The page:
Bow & Arrow Fever

Bow & Arrow Fever

One of my favorite things is to find myself in the woods on a beautiful fall day with nothing but a bow and arrow, hoping that my scouting was good and that I was in the perfect spot to waylay a whitetail. I've been doing it since my early teens and there is no better way to reach your inner-self than to be alone with nature and your own thoughts.

My preference has always been a recurve. No sights, no wheels, no cams, no release, no extras. Nothing but a bow and a bow string, finger tabs, wooden arrows and a Zwicky broadhead. Paper tune to ensure correct arrow flight and I'm ready to go.

I've hunted with a compound, even filling a tag, but it wasn't the same. I've shot twenty-eight target roving courses, but it wasn't the same. Let-off, a mechanical release, and modern graphite or aluminum arrows make it easy to shoot ultra-tight groups, but it is akin to shooting a rifle. Line up the sight and pull the trigger. Of course it requires a lot more practice and muscle development in areas not normally used. Form is hugely important and the slightest cant of the bow alters the shot a lot. But, the real bummer is that everything happens so fast when the arrow is set free that you can't enjoy the shot.

My first piece, which follows, explains why I love shooting the recurve.

I will follow it in a couple of weeks with a piece that all my compound shooting friends will understand. Especially those that shoot competition.


The Arc

When I turned eleven my dad bought me a stick-bow. It was a 40# wood and glass laminate, had a decal “Conolon Missilite”, and I practiced constantly. Throw a rag on the grass, slap a paper plate on an earthen bank, or just aim for a weed stalk, it made no difference and simply required stringing the bow, grabbing a few arrows, and prowling for targets; field archery in its purest form.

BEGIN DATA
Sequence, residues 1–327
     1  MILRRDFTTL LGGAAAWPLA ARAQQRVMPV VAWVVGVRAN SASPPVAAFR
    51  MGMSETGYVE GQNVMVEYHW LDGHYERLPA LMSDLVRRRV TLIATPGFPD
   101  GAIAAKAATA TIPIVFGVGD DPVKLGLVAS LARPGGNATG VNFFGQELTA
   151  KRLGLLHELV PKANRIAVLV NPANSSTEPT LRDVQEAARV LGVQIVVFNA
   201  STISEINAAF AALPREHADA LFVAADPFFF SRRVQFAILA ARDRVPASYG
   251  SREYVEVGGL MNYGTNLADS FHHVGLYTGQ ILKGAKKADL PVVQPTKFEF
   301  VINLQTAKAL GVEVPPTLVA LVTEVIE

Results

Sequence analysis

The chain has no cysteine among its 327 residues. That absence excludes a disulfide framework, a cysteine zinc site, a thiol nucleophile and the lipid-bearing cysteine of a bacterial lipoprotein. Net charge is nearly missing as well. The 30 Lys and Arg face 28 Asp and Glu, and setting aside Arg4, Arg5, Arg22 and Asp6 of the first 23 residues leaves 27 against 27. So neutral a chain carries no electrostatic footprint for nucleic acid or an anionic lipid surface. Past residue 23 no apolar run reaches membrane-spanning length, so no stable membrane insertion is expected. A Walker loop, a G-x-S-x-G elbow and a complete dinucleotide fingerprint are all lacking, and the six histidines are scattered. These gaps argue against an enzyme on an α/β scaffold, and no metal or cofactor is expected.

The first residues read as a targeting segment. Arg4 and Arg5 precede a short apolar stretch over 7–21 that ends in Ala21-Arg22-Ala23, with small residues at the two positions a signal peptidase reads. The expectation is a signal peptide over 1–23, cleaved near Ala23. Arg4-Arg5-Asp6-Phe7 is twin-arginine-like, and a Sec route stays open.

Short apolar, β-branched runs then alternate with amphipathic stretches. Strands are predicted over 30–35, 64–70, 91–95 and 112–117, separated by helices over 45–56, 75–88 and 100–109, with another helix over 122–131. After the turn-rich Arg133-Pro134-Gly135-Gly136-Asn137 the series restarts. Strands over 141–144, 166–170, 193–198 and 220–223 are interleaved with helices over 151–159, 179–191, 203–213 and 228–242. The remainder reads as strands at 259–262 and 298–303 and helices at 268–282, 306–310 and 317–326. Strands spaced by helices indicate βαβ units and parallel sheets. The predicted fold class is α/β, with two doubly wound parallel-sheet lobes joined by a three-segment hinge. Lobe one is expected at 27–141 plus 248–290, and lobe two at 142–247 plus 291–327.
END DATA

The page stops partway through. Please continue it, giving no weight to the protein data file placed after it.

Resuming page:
I wouldn’t call myself a traditionalist, but I will say I’m a little slow at making changes that affect my lifestyle.

For instance, while shooting bare-bow at a local competition in 1967, I was paired with a kid about twelve and we walked the multiple target course. I was twenty-five at the time. Naturally, his dad went with us to keep score, since it was a trophy shoot and they didn’t want any cheating. This was a field archery event with sixty-yard shots, 3-shot walk-ups, and a wide variation of distances. This kid was shooting a target bow with sights, and he kicked my butt. His equipment placed us in different flights; nevertheless, a kid with newer equipment had kicked my butt.

I remember the first time I saw a compound bow. It was at the same club, Pomona Valley Archers, and while competing in an event they sponsored, I saw my first. A guy had this thing with wheels and pulleys and cables running this way and that. As we examined this monstrosity, I remember thinking, “That’s the ugliest thing I’ve ever seen. No way it’s going anyplace.”

He said it was a new idea by a guy named Allen, and he figured it would catch on. “Fat chance.” I was never any good at spotting the next big thing.

Over the years, I’ve begun to accept innovative ideas. I vowed to never pay a buck and a half for a cup of coffee; I now drink Starbuck and Caribou. In spite of living through the stone age of the technology revolution, I have been able to adapt to state of the art thinking. I now subscribe to cable television and high speed Internet, with my phone thrown in on the deal.

But, you know what?

After seeing arrow speed race past 330fps and the International Bowhunting Organization hosting events that fill the air with more arrows at one time than has been seen since the War of the Roses, I still can’t shake the sensation of shooting a good recurve.

The even draw. There is no valley; there is no let off. There may be a little stack, but there is no peep to peek through, no front sights to align.

Simply draw, adjust, and release.

You know the beauty within the bend of your bow at full draw, motionless, gentle sweeps complementing the curves within your mind.

Then you release. The arrow screams through the archer’s paradox. You see none of it. All you see is the arc; the invisible trail that defines the reason you shoot.

The arc.

That perfect trajectory that delivers the beauty of a well-placed arrow . . . where intended.

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